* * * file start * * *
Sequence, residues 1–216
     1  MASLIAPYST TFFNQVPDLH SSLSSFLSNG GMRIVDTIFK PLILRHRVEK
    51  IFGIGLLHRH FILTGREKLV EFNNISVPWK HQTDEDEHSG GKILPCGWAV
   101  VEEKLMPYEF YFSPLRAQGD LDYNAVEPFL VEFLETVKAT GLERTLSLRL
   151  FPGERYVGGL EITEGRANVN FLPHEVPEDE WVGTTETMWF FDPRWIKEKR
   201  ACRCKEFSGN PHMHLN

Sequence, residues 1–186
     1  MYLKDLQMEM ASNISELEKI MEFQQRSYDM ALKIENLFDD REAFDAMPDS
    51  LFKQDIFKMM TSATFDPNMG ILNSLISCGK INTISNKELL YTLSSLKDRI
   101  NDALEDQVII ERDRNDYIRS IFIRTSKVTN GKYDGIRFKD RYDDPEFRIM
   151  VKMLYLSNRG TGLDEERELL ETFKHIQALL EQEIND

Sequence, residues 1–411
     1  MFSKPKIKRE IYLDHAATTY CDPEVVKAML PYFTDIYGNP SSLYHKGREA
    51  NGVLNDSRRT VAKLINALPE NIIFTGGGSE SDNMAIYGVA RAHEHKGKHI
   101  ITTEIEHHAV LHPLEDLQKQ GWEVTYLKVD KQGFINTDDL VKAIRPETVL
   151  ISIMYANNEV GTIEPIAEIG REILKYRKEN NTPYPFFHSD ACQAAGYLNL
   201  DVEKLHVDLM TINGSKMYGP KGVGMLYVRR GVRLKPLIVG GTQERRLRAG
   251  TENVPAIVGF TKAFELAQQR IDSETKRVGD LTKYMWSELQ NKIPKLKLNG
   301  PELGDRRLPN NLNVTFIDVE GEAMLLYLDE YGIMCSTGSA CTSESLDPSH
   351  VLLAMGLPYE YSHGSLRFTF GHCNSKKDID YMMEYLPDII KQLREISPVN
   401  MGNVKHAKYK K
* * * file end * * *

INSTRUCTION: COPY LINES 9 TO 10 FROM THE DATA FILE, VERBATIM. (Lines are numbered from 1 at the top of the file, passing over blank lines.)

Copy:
    51  LFKQDIFKMM TSATFDPNMG ILNSLISCGK INTISNKELL YTLSSLKDRI
   101  NDALEDQVII ERDRNDYIRS IFIRTSKVTN GKYDGIRFKD RYDDPEFRIM